Accurately cutting a 4x4

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Forum topic by JakeK posted 05-17-2018 03:05 PM 636 views 0 times favorited 12 replies Add to Favorites Watch
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48 posts in 1488 days

05-17-2018 03:05 PM

Topic tags/keywords: 4x4 bosch axial square

I am building some farmhouse tables with untreated fir 4×4’s from home depot. I am milling them down to about 3 3/8. My issue is how to cut them down to length accurately. I have a Bosch 12” axial glide, which I kind of hate. I have never been able to get it to cut accurately enough for my needs. I’m probably expecting too much of a SCMS. I cannot get it to cut square in both directions. I have messed with the settings quite a bit. If I put a square on the table and fence, it looks looks perfect to the blade in both directions but it doesn’t cut square. This saw has been replaced with a new one by Bosch once already, FYI. I’d love to use my 10” table saw to cut these down but the cut capacity isn’t enough. I’m wondering if anybody has any other ideas on how to square up the ends of these boards. Thanks

12 replies so far

View ShaneA's profile


7085 posts in 3406 days

#1 posted 05-17-2018 03:36 PM

Have you tried a new, and or different blade for the Bosch? Maybe you are getting deflection?

View JakeK's profile


48 posts in 1488 days

#2 posted 05-17-2018 03:49 PM

Yeah i have 2 aftermarket blades. A freud full kerf and an infinity. Both nice blades. I think the issue is more with the table. If you research this saw you’ll find a lot of complaints about the side tables not being at the same height as the main turn table. if you lay a straightedge across it there is a small gap under the side tables. This is my 3rd one from Bosch. The first replacement they gave me was clearly used. It had bigger problems than the table. The glide wasnt tracking straight. The 2nd replacement was a brand new unit, but the tables were not on the same level. I even tested the demo unit at Menards and found the same issue. With smaller pieces of wood, you can push down on the main table to keep it registering off of there only, but with a long 4×4, that doesnt really work. Here are some of the reviews i was referring to.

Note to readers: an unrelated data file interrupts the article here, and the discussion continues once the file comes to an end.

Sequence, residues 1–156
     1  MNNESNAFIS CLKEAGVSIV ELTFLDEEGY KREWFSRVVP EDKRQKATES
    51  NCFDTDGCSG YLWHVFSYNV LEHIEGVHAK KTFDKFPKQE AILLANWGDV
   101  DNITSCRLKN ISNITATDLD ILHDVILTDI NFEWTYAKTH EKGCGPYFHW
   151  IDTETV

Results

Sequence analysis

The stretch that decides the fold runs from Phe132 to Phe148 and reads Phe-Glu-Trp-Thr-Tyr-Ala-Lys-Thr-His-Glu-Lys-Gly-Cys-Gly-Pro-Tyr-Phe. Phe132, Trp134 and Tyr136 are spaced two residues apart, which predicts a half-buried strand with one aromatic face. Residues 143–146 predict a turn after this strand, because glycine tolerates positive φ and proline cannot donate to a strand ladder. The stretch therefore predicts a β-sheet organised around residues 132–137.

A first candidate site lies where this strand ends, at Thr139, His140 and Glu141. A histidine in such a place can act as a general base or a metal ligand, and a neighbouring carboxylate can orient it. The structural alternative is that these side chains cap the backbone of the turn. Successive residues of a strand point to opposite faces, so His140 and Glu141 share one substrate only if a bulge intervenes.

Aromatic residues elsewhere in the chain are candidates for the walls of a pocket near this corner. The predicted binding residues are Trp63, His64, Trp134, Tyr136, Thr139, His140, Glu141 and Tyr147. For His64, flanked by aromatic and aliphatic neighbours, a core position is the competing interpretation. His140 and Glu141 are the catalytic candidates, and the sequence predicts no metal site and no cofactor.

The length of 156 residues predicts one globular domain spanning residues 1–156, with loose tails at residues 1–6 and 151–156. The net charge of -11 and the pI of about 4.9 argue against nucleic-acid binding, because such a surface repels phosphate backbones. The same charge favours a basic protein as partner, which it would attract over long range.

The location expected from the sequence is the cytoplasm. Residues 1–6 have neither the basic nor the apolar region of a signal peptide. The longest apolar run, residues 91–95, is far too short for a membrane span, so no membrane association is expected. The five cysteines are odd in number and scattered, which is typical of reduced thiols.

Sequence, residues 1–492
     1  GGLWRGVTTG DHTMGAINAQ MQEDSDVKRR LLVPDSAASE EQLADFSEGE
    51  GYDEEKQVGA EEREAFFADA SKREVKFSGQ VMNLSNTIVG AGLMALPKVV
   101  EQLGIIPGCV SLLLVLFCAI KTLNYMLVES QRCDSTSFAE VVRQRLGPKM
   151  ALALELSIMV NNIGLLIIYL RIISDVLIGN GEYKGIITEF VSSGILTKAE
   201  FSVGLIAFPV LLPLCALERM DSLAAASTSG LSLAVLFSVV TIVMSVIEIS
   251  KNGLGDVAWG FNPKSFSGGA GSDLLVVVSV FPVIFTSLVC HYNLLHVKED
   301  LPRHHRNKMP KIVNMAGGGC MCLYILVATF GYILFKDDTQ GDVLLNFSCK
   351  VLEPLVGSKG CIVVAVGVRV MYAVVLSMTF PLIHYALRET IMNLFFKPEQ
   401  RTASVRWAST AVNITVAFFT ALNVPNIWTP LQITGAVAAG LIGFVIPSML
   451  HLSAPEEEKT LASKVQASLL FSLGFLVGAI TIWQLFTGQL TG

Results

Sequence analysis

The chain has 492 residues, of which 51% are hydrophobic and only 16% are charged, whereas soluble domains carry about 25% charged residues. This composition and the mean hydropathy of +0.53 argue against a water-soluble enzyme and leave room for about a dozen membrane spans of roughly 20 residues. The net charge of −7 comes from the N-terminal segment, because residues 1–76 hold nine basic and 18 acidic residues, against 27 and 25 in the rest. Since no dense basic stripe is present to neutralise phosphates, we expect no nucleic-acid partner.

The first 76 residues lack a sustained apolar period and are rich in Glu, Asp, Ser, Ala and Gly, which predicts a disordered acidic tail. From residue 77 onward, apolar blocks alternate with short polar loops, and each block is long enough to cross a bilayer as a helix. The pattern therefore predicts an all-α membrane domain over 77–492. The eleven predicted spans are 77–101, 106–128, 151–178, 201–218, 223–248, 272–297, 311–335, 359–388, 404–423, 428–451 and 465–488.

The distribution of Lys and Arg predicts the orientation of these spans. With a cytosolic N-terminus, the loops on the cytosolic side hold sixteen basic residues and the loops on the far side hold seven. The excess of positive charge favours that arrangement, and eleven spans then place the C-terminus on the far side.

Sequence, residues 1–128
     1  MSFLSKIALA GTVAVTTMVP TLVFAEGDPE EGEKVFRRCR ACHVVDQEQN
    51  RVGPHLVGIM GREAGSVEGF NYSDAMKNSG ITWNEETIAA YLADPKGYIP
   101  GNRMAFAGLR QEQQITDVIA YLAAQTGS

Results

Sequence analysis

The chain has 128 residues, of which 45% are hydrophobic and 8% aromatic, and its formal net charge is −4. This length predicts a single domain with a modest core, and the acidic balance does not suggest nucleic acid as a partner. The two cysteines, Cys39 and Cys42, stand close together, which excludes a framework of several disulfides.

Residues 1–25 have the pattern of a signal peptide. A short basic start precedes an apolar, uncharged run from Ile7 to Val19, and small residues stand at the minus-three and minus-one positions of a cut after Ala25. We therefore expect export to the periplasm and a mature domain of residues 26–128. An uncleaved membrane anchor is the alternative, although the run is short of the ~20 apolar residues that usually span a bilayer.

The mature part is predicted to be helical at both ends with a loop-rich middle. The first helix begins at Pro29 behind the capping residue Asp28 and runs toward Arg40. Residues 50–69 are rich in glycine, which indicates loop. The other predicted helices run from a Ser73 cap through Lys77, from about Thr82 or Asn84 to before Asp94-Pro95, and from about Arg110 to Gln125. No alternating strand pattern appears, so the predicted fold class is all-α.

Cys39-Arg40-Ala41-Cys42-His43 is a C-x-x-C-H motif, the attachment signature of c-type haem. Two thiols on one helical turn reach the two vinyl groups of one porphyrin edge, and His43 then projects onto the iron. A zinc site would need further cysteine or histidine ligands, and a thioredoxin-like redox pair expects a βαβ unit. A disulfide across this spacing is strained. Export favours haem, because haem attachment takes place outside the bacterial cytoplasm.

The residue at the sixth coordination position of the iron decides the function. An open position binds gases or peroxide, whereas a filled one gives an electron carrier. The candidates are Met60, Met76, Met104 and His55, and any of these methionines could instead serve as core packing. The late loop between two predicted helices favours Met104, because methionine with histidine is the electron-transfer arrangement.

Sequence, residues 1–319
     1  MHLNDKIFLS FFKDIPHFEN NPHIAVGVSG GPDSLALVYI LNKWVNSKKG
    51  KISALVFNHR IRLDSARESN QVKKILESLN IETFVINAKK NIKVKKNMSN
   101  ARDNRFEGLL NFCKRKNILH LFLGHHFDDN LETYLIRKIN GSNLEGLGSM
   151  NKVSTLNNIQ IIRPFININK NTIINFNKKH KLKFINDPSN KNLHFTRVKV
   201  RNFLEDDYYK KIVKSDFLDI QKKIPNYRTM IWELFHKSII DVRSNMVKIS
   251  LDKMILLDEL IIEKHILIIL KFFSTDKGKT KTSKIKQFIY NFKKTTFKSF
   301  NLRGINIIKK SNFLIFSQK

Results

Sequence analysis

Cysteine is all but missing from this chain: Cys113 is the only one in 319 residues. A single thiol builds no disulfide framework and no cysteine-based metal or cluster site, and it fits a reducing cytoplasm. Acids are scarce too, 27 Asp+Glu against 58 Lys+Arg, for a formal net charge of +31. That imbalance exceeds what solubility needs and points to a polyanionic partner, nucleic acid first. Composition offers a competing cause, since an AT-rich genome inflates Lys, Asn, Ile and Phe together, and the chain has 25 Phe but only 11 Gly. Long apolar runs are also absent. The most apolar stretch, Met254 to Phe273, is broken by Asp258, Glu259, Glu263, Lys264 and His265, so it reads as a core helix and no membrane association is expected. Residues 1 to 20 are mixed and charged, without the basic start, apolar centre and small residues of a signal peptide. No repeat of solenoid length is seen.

View jmartel's profile


8988 posts in 2958 days

#3 posted 05-17-2018 03:52 PM

Use your tablesaw if you know it cuts square. Then use a handsaw or sawsall to take out the little bit left in the middle. Clean up with sharp chisels.

-- The quality of one's woodworking is directly related to the amount of flannel worn.

View JakeK's profile


48 posts in 1488 days

#4 posted 05-17-2018 04:05 PM

That’s not a bad idea, although i suck with a chisel. I do need the practice I guess. I was thinking something more along the lines of a shooting board although i’m sure most planes wont cover that stock thickness.

View NeophyteGrant's profile


134 posts in 1317 days

#5 posted 05-17-2018 04:10 PM

Can you use a marking gauge, undercut the ends on whatever saw, then just back up to the line with some method? Chisels maybe? It sucks, but if you establish a register line, you can get close and nail it by some other means.